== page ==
Midst Toll And Tribulation (Safehold book 6) by David Weber (book review).

In many respects, David Weber’s ‘Midst Toll And Tribulation’ has Merlin Athrawes moving up the schedule and teaching a select few industrial revolutionary techniques in Charis, including mass production and ballistics, at least in the form of which shaped bullets shoot best. This is probably the most significant differences in the ‘Safehold’ books because Merlin is getting past the trail and error aspect which slowed down technology development on old Earth. That and having the religious aspects on Safehold kept well away that is. In fact, that is the main conflict of this book, much of which is devoted to the land skirmishes between the two sides. Charis might have the superior weaponry but the Church had plenty of soldiers and faith that they would go to heaven when they died on their side.


In many respects, between March 896 July 896, the Church is on a hiding for nothing and takes heavy casualties. This isn’t Islamic though, at most it looks like a Catholic variant and there are many similarities between this with the British/Spanish conflicts of 1585-1604 in the Elizabethan period. You would have thought with all the advance technology that Merlin has at his disposal that he could have neatly gone in and assassinated the heads of the Church and take the wind out of these battles so it’s hardly surprising that he ends up being troubled at the end.

As usual, Weber has a massive list of characters at the end and although I cross-referenced a few, I was hoping that he would be putting up gravestones to account for those who were killed off. It could hardly be seen as a spoiler because I’m sure the reader would still read to find out.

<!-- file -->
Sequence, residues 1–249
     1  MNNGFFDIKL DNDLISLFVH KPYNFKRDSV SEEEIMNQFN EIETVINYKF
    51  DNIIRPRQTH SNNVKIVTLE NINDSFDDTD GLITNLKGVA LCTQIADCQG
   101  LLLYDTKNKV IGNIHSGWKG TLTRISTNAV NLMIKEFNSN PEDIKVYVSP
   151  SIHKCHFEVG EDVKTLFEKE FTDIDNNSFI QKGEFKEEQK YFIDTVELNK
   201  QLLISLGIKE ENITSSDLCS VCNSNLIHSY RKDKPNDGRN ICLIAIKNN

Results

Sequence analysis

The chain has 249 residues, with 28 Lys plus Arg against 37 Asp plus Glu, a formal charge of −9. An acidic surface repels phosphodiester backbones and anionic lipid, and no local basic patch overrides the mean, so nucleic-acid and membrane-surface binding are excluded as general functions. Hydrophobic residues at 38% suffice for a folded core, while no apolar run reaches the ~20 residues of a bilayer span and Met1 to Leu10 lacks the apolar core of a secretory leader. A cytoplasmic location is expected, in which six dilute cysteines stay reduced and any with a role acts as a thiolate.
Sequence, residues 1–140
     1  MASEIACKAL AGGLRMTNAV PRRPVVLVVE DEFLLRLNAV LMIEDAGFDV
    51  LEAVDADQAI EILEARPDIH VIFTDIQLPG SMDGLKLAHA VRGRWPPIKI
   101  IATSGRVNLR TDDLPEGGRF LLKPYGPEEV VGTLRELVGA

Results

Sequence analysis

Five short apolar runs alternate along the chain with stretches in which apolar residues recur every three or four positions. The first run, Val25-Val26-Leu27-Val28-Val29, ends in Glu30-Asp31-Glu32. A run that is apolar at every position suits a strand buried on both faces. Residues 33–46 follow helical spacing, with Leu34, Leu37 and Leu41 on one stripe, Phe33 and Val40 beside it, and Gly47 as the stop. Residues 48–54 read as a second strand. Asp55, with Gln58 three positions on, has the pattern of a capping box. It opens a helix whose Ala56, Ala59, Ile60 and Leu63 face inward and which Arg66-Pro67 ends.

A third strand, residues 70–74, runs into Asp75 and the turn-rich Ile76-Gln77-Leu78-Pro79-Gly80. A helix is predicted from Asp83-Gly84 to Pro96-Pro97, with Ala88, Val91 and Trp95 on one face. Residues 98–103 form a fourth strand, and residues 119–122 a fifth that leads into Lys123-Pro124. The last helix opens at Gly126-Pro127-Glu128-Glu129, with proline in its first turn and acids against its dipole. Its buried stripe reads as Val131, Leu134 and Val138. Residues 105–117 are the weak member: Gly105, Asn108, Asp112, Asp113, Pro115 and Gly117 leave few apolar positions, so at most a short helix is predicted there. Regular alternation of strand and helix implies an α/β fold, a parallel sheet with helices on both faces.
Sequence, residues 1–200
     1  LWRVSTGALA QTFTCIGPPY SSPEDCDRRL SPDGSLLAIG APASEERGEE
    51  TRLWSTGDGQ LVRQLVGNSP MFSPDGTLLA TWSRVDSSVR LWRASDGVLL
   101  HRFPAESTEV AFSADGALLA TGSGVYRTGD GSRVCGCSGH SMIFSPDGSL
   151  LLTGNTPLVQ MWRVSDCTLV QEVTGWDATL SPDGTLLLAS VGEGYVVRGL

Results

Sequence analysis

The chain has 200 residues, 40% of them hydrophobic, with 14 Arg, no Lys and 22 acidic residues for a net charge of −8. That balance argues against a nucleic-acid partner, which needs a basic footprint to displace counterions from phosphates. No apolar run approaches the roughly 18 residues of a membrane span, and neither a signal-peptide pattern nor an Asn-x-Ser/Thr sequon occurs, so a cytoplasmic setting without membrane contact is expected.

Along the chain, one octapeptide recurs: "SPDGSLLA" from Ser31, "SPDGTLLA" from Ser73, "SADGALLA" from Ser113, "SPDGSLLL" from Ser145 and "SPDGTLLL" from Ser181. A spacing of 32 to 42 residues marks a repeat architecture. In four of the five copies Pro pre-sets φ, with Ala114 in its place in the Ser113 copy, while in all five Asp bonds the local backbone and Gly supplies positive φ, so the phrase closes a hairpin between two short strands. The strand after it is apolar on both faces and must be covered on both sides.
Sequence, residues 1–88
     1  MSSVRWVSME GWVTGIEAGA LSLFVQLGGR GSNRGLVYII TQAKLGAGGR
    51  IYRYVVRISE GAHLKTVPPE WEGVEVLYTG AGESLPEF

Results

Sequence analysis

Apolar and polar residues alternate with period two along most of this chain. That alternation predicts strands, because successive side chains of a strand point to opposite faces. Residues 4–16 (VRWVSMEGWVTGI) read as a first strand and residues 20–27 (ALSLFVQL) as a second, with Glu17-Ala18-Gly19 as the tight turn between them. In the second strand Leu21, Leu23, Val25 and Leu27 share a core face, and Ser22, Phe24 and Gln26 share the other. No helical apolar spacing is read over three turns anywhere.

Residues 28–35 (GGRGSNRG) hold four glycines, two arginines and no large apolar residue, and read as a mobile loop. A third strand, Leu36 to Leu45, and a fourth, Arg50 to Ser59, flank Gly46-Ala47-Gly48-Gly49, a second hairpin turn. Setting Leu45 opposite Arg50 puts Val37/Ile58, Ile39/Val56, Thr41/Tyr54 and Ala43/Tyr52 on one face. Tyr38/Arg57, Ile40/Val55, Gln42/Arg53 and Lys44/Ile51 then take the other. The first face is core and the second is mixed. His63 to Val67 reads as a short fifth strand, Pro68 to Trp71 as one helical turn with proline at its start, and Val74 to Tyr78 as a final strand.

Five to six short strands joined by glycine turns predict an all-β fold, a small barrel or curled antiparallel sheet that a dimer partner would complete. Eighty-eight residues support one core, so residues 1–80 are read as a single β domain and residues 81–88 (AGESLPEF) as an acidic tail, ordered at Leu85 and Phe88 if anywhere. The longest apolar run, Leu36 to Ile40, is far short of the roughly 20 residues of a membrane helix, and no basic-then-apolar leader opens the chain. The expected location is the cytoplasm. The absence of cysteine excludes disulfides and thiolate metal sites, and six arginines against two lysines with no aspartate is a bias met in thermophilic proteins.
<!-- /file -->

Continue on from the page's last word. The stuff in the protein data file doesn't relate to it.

Despite their length, Weber’s books are easy to read, the pacing is the same for the debates as well as the battles which tends to take the edge off the emotional impact and it’s only at the end that you realise how many people are killed. Maybe this is a reflection of how wars are played when we see numbers and not realise that these are people. However, so many of Weber’s characters are cannon-fodder so it doesn’t leave much care to their fates. Oh, I’ve also realised that the best way to read the various characters names is phonetically. A lesson to bear in mind when recognising familiar names. One can only hope the next book, ‘Like A Mighty Army’, to be reviewed will move things along a bit.

GF Willmetts

March 2014

(pub: TOR/Forge. 607 page hardback. Price: $27.99 (US), $31.99 (CAN). ISBN: 978-0-7653-2155-8)

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Geoff Willmetts has been editor at SFCrowsnest for some 21 plus years now, showing a versatility and knowledge in not only Science Fiction, but also the sciences and arts, all of which has been displayed here through editorials, reviews, articles and stories. With the latter, he has been running a short story series under the title of ‘Psi-Kicks’ If you want to contribute to SFCrowsnest, read the guidelines and show him what you can do. If it isn’t usable, he spends as much time telling you what the problems is as he would with material he accepts. This is largely how he got called an Uncle, as in Dutch Uncle. He’s not actually Dutch but hails from the west country in the UK.

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